Rio+20: USA Announces Africa Clean Energy Finance Partnership

Rio De Janeiro, Brazil – Secretary of State Hillary Clinton is addressing the plenary session this morning, the closing day of the United Nations Conference on Sustainable Development. But has been the case throughout most of the week, the real action is in the side events, where pledges are made and new initiatives launched.

Case in point is Secretary Clinton’s first stop before heading to the main hall to deliver her official address for the launch of the new US-Africa Clean Energy Finance Initiative. This is a $20 million program “to support project developers or investors who are under consideration for [Overseas Private Investment Corporation] financing…but need a small amount of catalytic grant funding for their project.” The idea is to spur the development of clean energy projects by increasing access to financing and loans available through OPIC, which is a branch of the US government that invests in private sector development projects.

“600 million men, women and children in Africa live without power. This is not a technological hurdle, we know how to haress the energy and deliver it,” said Secretary Clinton. “The challenge is there because investors in these places see obstacles and risks to investing in clean energy, even though all pieces are there.” The US-Africa Clean Energy Finance Initiative, said Clinton, will offer new investments to help overcome that financing hurdle.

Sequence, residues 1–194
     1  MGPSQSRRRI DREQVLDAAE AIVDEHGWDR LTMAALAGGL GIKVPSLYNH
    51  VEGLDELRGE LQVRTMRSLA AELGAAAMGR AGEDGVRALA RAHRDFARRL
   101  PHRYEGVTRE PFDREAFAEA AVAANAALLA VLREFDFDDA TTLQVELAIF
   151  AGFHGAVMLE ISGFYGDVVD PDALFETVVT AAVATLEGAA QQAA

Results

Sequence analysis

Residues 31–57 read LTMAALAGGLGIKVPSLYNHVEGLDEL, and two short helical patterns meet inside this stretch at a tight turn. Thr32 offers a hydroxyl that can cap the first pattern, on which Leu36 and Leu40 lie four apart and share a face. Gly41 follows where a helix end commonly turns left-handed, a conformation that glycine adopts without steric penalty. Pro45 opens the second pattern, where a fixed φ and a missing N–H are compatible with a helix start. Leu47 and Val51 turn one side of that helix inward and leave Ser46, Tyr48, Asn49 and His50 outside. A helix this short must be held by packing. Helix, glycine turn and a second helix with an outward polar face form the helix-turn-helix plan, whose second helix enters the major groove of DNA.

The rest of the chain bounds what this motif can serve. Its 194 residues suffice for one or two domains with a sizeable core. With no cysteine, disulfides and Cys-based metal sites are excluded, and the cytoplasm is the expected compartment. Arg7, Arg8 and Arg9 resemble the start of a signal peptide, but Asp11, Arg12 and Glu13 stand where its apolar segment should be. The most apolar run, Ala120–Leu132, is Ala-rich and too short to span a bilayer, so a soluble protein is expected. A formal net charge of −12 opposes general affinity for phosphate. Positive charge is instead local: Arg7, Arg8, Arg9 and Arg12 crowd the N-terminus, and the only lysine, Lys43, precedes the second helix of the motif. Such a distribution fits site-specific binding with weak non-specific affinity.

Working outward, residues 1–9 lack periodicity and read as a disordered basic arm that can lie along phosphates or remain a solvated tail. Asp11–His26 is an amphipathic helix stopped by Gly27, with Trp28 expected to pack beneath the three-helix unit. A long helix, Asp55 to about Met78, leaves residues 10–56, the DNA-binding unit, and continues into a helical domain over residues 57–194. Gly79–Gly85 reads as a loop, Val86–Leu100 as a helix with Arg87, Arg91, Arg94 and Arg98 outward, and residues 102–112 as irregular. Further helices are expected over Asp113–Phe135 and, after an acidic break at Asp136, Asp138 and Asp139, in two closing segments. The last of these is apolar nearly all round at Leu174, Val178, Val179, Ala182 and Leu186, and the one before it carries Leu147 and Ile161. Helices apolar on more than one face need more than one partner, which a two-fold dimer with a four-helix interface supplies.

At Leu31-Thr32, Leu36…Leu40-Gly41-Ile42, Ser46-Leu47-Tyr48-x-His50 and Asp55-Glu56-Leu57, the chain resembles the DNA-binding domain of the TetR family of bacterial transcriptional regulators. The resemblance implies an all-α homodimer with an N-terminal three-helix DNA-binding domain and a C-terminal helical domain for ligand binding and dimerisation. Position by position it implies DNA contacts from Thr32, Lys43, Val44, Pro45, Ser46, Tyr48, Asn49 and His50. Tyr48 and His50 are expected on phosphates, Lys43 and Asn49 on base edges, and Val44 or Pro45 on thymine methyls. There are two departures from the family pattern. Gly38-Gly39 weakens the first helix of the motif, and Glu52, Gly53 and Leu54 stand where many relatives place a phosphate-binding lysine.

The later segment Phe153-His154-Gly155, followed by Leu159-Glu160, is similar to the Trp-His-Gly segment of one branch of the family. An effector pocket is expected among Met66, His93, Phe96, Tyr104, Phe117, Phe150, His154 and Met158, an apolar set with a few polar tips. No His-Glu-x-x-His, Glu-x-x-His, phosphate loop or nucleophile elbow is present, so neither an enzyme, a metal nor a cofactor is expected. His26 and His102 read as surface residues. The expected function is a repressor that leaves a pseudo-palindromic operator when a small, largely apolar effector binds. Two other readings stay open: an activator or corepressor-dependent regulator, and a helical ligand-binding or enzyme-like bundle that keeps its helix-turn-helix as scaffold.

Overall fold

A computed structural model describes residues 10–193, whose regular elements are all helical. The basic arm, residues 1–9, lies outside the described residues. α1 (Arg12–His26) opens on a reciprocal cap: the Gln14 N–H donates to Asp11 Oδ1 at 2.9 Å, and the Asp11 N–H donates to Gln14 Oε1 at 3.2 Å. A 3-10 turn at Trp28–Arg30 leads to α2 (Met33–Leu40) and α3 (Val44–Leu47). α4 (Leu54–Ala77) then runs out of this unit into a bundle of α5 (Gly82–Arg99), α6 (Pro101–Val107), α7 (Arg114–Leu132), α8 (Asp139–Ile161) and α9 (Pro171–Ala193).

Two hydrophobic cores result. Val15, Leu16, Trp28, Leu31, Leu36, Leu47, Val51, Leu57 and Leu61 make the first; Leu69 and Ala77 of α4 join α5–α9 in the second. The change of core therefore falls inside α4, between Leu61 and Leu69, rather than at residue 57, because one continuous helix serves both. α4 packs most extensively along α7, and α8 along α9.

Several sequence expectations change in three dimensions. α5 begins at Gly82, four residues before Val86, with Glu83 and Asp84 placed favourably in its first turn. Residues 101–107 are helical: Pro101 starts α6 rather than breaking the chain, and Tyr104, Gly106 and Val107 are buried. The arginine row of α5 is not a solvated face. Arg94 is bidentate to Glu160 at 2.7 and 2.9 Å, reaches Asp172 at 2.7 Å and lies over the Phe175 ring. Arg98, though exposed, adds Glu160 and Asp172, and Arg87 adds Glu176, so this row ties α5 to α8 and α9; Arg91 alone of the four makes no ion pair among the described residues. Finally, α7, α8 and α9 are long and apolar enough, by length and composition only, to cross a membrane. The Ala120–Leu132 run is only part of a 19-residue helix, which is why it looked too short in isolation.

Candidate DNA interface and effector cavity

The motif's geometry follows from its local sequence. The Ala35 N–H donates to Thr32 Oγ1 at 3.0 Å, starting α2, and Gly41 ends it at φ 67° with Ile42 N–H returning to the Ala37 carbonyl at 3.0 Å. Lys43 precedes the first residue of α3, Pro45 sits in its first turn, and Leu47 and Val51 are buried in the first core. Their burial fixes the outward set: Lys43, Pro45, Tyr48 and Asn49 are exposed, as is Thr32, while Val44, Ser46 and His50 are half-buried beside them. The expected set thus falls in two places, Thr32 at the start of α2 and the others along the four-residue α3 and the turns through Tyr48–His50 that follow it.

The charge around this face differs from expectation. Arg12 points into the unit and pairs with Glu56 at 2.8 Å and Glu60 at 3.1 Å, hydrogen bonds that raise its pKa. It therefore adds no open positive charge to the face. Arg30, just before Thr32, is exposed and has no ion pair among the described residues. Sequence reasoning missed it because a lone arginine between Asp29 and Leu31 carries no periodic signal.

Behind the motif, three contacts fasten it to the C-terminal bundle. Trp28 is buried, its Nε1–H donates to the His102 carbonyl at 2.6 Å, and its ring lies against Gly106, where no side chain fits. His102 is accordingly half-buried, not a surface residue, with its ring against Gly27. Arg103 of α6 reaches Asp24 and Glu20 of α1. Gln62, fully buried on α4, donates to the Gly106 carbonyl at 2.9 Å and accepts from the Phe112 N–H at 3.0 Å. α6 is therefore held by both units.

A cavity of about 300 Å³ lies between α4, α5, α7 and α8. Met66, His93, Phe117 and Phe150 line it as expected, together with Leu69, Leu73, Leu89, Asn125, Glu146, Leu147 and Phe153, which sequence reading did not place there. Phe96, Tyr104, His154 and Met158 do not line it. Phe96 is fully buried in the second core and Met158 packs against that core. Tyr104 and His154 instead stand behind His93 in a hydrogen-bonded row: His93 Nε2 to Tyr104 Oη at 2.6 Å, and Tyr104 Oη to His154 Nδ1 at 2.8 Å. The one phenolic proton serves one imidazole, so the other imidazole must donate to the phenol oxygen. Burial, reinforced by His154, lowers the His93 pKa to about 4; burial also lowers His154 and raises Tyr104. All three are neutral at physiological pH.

The announcement from Secretary Clinton today is one part of a $2 billion package of programs that the US government are putting into place to support the Secretary General’s Sustainable Energy for All initiative. Yesterday, there were a series of high level meetings between champions of industry, heads of state and NGOs, which amounted to a pledging conference for sustainable energy programs.  Bank of America Chair Chad Holliday presided over an afternoon of public remarks which brought together hundreds of new commitments to the table. At one of these sessions yesterday, Kandeh Yumeklla, the Sierra Leonean head of UN Energy (and a rising star in the UN system) said that several years from now we’ll remember Rio+20 as “the time the world agreed that without energy access you won’t have sustainable development.”

Events like the launch today of the US-Africa Clean Energy Finance Initiative drive home the fact that the real legacy of this conference will not be the official outcome document, but for the launch several new clean energy programs under the rubric of Sustainable Energy for All.